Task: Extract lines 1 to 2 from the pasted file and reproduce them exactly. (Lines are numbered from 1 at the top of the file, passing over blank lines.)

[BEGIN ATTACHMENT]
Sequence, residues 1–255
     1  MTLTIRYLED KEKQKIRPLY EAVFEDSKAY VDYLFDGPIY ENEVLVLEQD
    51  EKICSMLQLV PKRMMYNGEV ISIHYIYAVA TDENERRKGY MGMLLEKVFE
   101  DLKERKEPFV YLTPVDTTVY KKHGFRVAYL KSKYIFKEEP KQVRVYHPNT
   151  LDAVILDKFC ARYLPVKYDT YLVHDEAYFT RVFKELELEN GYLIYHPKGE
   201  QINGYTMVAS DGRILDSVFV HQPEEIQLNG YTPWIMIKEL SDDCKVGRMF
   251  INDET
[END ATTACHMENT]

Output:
Sequence, residues 1–255
     1  MTLTIRYLED KEKQKIRPLY EAVFEDSKAY VDYLFDGPIY ENEVLVLEQD